The Flu Epidemic is Now Pandemic


Consistent with our previous postings, the WHO has now declared the H1N1 flu outbreak as pandemic.  There are a few oddities about this declaration.  First is how quickly this has been declared and secondly, that the statement itself has so many “qualifier” statements attached.

As I have stated previously, we should be very concerned about this particular strain and I think much more is known about the situation than is being fed to the MSM.  It is important that you pay very close attention and more importantly educate yourself as much as possible as to the realities of this particular outbreak.

Expect that as we move toward the fall (late September through November) there will be a massive second wave much as the charts I provided will indicate.  Think carefully before traveling. taking any vaccines, and finally you should be doing everything possible to be building up your immune system defenses.  Some good information is available like:

http://www.nutrition4health.org/NOHAnews/NNS90ImmuneSysEnhancement.htm

Basically it does not have to be difficult.  Just understand a few basics health habits and try and reduce the stress in your life as much as possible.  A good overview:

Age, stress, and poor nutrition can sap our immune system of its effectiveness. Influenza provides one example. During young adulthood, when the body can mount a robust immune response to this common virus, influenza is rarely fatal. Among the elderly, however, the virus is associated with significant rates of death and hospitalization (Nichol KL 2005).

The impact of aging on the immune system is profound. As people age, a number of critical immune system components are reduced or slowed, including cellular response, response to vaccines, and antibody production. At the same time, susceptibilities to infection and cancer are increased. Some of this increased susceptibility to disease is linked to chronic inflammation, which is associated with many disorders of aging (Ershler WB et al 2000; Hamerman D 1999; Taaffe DR et al 2000).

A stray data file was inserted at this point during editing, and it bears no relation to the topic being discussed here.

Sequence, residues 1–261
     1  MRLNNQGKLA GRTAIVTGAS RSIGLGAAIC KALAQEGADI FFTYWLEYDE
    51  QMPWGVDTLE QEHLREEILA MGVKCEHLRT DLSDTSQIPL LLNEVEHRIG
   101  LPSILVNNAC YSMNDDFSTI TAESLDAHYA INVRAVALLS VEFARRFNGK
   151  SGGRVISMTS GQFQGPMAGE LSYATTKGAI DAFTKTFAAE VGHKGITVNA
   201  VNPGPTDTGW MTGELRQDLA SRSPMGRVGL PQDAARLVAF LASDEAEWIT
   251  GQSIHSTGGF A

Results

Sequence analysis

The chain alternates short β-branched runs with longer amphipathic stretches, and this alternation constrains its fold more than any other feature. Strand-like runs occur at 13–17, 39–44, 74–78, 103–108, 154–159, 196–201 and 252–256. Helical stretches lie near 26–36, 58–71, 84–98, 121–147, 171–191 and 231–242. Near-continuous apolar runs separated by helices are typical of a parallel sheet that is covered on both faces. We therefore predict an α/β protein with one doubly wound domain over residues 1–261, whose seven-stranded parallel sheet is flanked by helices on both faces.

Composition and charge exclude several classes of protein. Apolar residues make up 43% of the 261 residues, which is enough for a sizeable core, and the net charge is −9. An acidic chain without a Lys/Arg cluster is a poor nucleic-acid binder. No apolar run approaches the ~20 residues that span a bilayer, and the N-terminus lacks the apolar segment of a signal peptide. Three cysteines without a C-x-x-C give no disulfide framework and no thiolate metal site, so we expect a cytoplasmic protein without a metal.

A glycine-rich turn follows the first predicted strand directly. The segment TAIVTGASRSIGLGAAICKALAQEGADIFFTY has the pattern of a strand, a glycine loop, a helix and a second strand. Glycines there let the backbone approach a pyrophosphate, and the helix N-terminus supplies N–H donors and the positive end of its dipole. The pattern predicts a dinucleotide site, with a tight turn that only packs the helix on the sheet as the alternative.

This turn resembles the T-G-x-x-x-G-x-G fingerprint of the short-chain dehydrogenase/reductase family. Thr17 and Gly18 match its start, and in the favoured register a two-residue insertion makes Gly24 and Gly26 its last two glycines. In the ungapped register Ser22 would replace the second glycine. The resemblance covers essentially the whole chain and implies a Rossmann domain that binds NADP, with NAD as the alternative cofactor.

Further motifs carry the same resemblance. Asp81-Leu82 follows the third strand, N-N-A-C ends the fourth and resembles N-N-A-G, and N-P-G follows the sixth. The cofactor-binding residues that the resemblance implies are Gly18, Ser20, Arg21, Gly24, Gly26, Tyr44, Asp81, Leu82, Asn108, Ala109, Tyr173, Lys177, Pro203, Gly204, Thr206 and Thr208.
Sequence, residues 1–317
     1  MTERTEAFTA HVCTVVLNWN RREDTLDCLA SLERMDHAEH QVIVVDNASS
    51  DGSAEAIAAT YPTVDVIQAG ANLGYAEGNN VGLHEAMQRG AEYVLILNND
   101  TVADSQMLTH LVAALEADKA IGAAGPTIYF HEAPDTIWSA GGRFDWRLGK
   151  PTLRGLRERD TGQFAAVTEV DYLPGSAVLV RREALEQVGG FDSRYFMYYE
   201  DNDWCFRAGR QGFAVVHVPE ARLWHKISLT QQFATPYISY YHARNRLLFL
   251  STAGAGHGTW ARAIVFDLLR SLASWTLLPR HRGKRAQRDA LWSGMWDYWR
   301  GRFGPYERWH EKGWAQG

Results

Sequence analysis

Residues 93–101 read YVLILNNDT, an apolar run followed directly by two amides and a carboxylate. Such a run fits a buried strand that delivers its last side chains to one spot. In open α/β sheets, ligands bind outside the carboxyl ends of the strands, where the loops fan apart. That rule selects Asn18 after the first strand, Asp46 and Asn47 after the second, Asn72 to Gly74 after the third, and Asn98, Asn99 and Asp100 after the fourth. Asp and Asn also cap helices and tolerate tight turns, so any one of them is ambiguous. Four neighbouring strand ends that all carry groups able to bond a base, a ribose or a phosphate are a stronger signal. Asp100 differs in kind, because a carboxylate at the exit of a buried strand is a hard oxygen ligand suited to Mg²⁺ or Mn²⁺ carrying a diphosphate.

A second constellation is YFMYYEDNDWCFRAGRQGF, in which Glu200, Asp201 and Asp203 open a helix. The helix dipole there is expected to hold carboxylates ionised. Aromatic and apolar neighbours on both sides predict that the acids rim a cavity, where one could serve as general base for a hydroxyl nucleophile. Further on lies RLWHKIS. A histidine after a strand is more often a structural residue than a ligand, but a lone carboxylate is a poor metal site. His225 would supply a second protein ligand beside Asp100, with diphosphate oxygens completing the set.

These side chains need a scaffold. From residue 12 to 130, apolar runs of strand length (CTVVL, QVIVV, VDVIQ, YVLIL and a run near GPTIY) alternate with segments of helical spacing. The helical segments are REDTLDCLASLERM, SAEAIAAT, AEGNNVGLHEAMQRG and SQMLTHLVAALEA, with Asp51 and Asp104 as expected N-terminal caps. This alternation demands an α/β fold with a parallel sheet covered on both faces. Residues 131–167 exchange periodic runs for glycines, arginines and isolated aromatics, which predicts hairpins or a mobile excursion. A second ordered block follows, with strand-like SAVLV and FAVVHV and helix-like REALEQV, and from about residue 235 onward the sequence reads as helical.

Age, however, isn’t the sole culprit in reduced immune function. There is no question that exercise, stress, and nutritional status play an important role in maintaining a healthy immune system. Consider just a few of the research findings:

  • Dietary deficiencies and malabsorption alter metabolism and exacerbate chronic disorders (Kaput J et al 2004). An imbalance in the intake of dietary fat, carbohydrate, and protein can contribute to the development of diseases (Kaput J et al 2004). On the other hand, there is overwhelming evidence of the benefits of a good diet on reducing the risk of many chronic diseases (Ames BN 2001; Kaput J et al 2004).
  • Malnutrition causes a decline in immune function and increased susceptibility to infection (Brussow H et al 1995; Lotfy O et al 1998; delaFuente M et al 1998). Likewise, a vitamin or mineral deficiency can suppress immune system function (delaFuente M et al 1998). Correct choices of supplements, vitamins, minerals, fatty acids, probiotics, and botanicals have been shown to boost immunity and may also reduce the risk of diseases in healthy Individuals (Kaminogawa S et al 2004).
  • Psychological health influences the immune system and the course of many diseases (Kiecolt-Glaser J et al 2000). Depression, stress, and anxiety increase the production of pro-inflammatory chemicals in the blood, which in turn can compromise, depress, or suppress the immune system (Appels A et al 2000; Dentino AN et al 1999; Maes M et al 1997; Maes M et al 1998; Maes M et al 1999; Boscarino JA et al 1999; Lutgendorf SK et al 1999; Zhou D et al 1993; Papanicolaou DA et al 1998).
  • High levels of anxiety are associated with decreased immune function (Ironson G et al 1990; Koh KB et al 1998; Boscarino JA et al 1999; Kiecolt-Glaser J et al 2000).
  • Chronic stress can provoke long-term increases in pro-inflammatory chemicals. For example, caregiving for a relative with a serious medical condition results in long-term immune suppression among women (Lutgendorf SK et al 1999).
  • Chronic stress from persistent marital problems, burnout at work (Lerman Y et al 1999), and lengthy unemployment (Arnetz BB et al 1991) can also lead to immune alterations that persist for years (Boscarino JA et al 1999; Kiecolt-Glaser JK et al 1987; Kiecolt-Glaser JK et al 1997; Kiecolt-Glaser JK et al 1988; Kiecolt-Glaser JK et al 1993).

So now more than ever, eat well, sleep 7 1/2 to 8 1/2 hours per day, take a good multivitamin supplement, exercise daily, and above all move to simplify your life to reduce as much stress as possible.  Oh yeah, make love more often!

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Author: redhawk500

International business consultant, author, blogger, and student of life. After 35 years in business, trying to wake the world to a new reality. One of prosperity, abundance, and most importantly equal opportunity. it's time to redistribute wealth and power.

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